Every year, social media goes ablaze with stories and photos from someone who, typically north of the Arctic Circle, is the first to find a glaze of ice that would support their weight for the seconds it took to snap a picture. As that image makes its way southward, people everywhere are tempted to look for ice in places it’s simply not. That said, ice always does seem to eventually come, though it’s surprising how much heavy-equipment people bring out to the lake for attacking first-ice. They show up at landings with ATVs, shelters loaded to the hilt with augers, electronics, and all the tackle they own, along with 20lb cylinders of propane and a car battery to power their LED lights. They’re perpetually disappointed in the fact that in most years, there’s plenty of great walkable ice, long before there’s good hard-water for the armada of ice-machines we all know comes after. Here are some tips on gearing up light for arguably the best part of the ice-season.
It all starts with a simple device to safely haul some gear, though not all are created equal. While your kid’s snow-sled may be the lightest weight, its low sides are problematic for gear-carry, as often you need to walk through woods, wetlands, or uneven landings that are more likely to dump your gear than keep it on the sled. These same obstacles also offer more wear over time than you’d like to think, especially if you have extended travel over sand, gravel, or pavement. Roto-molded sleds offer the strongest option in exchange for a very small weight sacrifice, such that you’ll own it for the rest of your life. Otter Outdoors Pro Brad Hawthorne still has an Otter sled he purchased more than a decade ago. “In the summer, I use it to move landscaping rock, haul sand, and do whatever chores around the house I’ve got,” says Hawthorne, “but once the mercury dips I’m putting my ice gear in it.”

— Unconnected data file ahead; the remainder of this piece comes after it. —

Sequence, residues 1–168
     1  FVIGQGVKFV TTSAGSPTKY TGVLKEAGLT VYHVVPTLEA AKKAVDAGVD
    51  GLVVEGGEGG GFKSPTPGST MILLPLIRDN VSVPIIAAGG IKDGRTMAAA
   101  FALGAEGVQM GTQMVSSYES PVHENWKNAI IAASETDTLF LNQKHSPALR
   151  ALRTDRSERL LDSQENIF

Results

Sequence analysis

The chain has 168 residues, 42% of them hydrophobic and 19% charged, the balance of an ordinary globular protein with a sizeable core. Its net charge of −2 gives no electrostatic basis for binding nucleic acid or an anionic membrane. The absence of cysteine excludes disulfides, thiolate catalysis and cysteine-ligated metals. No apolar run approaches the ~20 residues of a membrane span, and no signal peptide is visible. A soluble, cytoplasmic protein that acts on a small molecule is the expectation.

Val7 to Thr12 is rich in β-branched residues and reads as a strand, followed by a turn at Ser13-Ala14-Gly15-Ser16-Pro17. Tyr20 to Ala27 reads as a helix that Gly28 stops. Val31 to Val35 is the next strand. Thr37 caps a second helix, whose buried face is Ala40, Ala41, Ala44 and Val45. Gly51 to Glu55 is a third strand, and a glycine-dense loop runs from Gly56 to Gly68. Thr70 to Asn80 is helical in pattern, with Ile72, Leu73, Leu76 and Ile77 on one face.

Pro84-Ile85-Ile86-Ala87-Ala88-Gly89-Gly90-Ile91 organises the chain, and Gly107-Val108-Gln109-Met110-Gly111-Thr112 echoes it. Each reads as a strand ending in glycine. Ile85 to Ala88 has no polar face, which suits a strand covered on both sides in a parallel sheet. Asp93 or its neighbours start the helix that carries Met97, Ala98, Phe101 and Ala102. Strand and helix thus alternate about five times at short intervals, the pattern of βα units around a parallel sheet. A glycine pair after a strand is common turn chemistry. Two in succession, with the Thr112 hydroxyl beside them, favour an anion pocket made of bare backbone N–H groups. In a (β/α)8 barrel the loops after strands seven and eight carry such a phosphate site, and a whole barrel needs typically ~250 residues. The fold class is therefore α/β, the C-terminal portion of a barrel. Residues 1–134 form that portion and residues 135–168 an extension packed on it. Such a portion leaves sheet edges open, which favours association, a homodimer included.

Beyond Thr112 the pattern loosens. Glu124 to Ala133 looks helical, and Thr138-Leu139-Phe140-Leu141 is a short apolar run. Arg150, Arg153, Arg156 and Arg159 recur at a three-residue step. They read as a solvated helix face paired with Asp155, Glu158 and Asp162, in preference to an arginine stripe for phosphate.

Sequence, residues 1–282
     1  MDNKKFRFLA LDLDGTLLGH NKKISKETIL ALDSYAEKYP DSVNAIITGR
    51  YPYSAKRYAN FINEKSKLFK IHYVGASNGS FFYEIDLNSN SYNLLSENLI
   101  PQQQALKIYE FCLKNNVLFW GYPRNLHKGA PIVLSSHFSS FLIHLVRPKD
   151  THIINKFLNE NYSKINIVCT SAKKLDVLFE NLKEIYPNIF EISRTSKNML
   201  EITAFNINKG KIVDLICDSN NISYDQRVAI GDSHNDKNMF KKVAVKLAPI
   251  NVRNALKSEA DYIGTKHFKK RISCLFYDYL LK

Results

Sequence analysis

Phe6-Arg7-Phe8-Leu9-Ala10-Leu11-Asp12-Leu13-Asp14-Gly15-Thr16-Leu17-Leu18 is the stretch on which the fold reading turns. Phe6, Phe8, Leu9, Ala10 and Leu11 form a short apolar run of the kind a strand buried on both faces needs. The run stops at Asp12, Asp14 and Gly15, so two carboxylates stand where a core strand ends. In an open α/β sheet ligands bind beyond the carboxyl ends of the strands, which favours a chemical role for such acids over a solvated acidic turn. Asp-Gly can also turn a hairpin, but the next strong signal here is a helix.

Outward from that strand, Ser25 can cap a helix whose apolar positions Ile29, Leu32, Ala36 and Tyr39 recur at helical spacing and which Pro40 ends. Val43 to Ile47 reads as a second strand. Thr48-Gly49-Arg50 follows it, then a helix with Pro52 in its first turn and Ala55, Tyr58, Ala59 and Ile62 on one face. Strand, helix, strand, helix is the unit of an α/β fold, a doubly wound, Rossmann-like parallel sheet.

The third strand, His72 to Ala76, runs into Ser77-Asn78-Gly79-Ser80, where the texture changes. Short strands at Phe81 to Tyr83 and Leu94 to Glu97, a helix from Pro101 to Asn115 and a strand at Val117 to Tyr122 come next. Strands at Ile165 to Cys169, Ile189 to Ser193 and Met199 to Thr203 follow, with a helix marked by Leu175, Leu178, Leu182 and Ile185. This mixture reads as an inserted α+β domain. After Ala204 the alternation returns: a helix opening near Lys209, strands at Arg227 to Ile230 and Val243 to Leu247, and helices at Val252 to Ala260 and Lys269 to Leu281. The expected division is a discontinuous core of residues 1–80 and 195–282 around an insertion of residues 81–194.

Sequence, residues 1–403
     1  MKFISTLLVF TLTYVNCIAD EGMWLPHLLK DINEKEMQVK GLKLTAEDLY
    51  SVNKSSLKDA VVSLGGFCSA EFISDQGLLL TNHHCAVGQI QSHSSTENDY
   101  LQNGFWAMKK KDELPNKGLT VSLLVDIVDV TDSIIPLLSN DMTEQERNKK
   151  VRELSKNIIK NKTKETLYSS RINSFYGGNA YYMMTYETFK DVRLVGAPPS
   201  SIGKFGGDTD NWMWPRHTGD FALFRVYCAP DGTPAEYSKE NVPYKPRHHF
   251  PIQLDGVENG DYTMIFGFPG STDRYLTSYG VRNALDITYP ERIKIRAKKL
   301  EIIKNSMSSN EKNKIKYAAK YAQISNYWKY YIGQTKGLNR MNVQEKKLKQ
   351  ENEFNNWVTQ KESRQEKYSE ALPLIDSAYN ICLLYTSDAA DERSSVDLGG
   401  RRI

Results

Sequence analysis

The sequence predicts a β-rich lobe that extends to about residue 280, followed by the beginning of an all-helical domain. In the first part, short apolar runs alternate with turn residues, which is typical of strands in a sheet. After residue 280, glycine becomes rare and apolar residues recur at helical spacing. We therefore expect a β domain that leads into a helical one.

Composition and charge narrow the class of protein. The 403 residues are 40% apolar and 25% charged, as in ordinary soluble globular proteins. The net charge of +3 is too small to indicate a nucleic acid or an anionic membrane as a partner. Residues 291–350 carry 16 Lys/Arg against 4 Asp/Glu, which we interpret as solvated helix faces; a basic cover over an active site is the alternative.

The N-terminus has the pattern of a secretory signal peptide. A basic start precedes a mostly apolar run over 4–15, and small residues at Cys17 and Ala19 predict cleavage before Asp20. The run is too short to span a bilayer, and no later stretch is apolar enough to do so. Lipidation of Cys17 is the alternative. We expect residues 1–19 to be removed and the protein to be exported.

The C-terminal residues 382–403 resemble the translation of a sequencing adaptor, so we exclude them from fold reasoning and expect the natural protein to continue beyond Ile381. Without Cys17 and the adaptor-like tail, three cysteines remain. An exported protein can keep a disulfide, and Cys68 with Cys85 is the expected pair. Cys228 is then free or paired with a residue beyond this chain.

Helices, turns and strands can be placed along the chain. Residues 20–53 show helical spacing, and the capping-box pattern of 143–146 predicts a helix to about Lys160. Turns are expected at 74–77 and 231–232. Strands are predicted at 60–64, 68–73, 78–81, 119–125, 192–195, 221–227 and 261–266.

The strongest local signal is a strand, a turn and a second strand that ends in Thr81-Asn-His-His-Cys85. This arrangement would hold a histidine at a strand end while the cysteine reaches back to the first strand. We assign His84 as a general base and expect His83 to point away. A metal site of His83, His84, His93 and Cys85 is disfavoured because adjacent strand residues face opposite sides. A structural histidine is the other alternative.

Early ice usually sees less extreme temps than mid-winter, so many prefer to fish without a shelter on the open ice. At the same time, our internal thermostat isn’t quite set to where we need it, such that a shelter does make an outing more comfortable, especially for an evening bite. Lightweight options include one-man flip-styles that don’t break the bank and are even easier on the back. Otter Pro Joel Nelson uses his to get back to small lakes in tight spots where pulling a full-sized shelter just isn’t possible. “I focus on these smaller lakes in the sticks because they usually have ice long before the big ones. I’m dragging my Hideout into the boonies and catching big gills when most people are still dreaming about getting on hard-water.”
Hub-style shelters also need a look during this time of year. Lightweight, and large for their relatively low cost, these units offer anglers a great way to fit a crowd while still staying mobile. Tony Roach of Roach’s Guide Service used his last winter on a Green Bay Whitefish Trip with his son Robbie. “We were able to throw it into the Ranger just like any other tackle bag, and it was just as warm as the flip-style shelters I use for my clients.”
Think hand-auger for drilling less than 8”es of ice. Not only are they lighter in weight, but they take up less room and don’t require gas or a heavy and bulky battery pack to get your drilling done. For most species except large predators, a 6” hole is plenty large enough to land panfish and even walleye. Otter Pro Dave Koonce proved that a few winters ago when he pulled a 15” plus crappie from a 5” hole. “It was a tight fit, and I think I heard ‘pop’ when it finally came through, but I’ve been fishing through ice-holes 4-6” for trophy panfish in the Mississippi River Backwaters for more than 30 years.”
No matter how you get onto ice this season, keep it light, keep it smart, and keep it safe!
Tags: Brad Hawthorne, Dave Koonce, Tony Roach